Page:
With over 200 survey responses for the co-sponsored LNS Research-MESA Metrics That Matter research study, we have been digging into the results to determine what drove the greatest manufacturing performance improvements in 2013. The preliminary analyses have been insightful, and, as always, we’re excited to share the data with you.
Like any industry, manufacturing requires effective leading and lagging indicators to benchmark, understand, and predict performance. These measurements are the lifeblood of continuous improvement professionals. Without them, it would be very difficult to validate past efforts and trends, and even more challenging to plan for and anticipate future events.
Whether it’s for comparing the effectiveness of product lines or business units within your company, or the effectiveness of your company against close competitors, benchmarking is a vital continuous improvement tool. And although it’s safe to say that the average executive understands the benefits of benchmarking performance, that doesn’t necessarily mean his or her company has ever participated in such an initiative.
Over the past six weeks, we’ve learned a lot about what challenges manufacturers face in measuring and optimizing business performance. And we’ve gained valuable insight into which metrics, technologies, and processes are driving the most value for organizations today. We’d like to thank everyone who has given us their thoughts and opinions so far through participating in the Metrics that Matter survey.
If it takes a village to raise a child, then it takes an entire organization to raise an operational metric. As a leader, there’s no doubt you spend a lot of time thinking about goals and how to achieve them. Though, whether your focus is on profitability, energy or manufacturing efficiency, product quality, or customer service, the reality is that those high-level objectives are only attainable when everyone in the company is doing their part.
In our most recent Manufacturing Operations Management Survey over 87% of companies have instituted some type of Operational Excellence or Continuous Improvement initiative. Unfortunately, it’s not uncommon for there to be difficulty in determining whether or not progress is being made toward those initiatives. So what’s one major thing standing between you and your Operational Excellence targets? There’s a good chance it’s an effective metrics program.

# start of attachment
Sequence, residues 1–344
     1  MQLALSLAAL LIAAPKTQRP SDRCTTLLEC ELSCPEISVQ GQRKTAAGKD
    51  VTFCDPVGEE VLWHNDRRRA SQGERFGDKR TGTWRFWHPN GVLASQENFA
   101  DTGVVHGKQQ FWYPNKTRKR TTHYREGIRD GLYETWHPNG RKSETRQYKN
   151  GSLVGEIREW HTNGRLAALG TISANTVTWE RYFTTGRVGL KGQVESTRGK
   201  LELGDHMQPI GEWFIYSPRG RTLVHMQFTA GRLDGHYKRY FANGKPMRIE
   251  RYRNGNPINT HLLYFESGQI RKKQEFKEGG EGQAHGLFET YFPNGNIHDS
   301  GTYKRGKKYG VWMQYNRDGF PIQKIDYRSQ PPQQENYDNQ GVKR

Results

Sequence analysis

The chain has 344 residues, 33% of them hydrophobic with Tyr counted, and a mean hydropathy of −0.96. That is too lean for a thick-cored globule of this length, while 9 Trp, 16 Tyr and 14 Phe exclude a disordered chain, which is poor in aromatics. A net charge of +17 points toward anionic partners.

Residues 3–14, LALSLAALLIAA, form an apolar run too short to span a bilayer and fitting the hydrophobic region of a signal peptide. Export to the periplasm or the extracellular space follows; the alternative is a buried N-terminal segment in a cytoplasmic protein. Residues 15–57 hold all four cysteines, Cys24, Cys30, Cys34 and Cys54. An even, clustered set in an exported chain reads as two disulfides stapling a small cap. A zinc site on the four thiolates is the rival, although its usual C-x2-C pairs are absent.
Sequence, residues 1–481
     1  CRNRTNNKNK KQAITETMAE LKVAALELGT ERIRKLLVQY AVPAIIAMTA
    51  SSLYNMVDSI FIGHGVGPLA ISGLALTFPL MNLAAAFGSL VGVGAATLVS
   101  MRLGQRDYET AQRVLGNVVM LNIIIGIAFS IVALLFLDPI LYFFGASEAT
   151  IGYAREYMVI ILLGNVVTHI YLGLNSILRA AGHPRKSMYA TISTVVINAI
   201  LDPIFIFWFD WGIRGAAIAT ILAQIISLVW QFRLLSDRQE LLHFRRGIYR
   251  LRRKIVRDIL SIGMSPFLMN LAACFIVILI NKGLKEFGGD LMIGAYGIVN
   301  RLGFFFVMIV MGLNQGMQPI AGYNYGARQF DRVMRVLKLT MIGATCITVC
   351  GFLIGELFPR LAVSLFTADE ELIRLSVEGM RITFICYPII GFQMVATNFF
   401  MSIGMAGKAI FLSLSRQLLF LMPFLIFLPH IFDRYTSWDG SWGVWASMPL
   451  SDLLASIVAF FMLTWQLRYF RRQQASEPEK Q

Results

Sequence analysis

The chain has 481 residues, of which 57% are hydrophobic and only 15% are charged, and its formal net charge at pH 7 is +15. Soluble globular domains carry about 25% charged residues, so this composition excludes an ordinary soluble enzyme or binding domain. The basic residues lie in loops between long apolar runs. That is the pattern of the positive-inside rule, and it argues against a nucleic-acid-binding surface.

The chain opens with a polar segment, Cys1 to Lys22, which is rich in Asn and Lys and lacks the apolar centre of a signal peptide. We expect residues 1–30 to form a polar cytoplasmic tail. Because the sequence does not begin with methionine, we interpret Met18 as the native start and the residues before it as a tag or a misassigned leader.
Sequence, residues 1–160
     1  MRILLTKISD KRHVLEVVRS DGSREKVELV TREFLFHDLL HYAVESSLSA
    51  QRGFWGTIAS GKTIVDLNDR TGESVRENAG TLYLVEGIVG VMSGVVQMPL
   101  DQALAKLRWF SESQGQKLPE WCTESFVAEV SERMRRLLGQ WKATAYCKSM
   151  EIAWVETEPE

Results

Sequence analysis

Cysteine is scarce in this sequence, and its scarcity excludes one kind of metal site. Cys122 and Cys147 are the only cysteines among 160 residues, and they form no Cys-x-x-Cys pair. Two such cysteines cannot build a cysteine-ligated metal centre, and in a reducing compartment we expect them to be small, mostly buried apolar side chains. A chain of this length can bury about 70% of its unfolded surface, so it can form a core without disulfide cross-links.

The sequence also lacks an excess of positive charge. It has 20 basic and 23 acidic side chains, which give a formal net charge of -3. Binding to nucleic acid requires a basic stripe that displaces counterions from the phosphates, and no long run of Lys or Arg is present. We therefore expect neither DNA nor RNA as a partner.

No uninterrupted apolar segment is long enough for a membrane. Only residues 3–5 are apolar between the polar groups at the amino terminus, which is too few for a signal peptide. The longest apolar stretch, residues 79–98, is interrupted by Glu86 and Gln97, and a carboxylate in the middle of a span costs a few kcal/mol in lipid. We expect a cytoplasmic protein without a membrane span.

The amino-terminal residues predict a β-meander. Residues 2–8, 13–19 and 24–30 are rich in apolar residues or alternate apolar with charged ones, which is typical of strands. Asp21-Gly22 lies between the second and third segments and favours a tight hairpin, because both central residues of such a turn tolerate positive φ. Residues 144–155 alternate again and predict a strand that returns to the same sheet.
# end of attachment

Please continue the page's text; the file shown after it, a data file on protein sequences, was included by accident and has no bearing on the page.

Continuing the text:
Periodically, new technologies are developed that rapidly become pervasive because of the compelling benefits they offer, and as they mature they drive the price/performance ratios to be enticing for companies looking to improve the bottom line.
Earlier this year at the North American MESA International conference, LNS Research co-hosted a session that included many lively discussions on the disconnects that exist between business executives and the business metrics on which they naturally focus. The discussions also touched on any linkages that exist with the detailed metrics used by the people managing their production operations.
Last week, after ThomasNet's R.P. Siegel quoted an LNS Research blog post in his article, "Is OEE An Effective Metric for Assessing Industrial Production?" we decided to ask our followers on Twitter for their thoughts on the topic. The tweet sparked an engaged debate on the utility as well as shortcomings of the Overall Equipment Effectiveness (OEE) metric.
When it comes to metrics, it’s often said that what gets measured gets done. Part of this is human nature. Everyone has more piled on their plate than ever, and many workers find themselves constantly re-prioritizing their work activities. Therefore, metrics that have the attention of business and manufacturing leaders tend to be those that get measured and improved upon by their employee teams.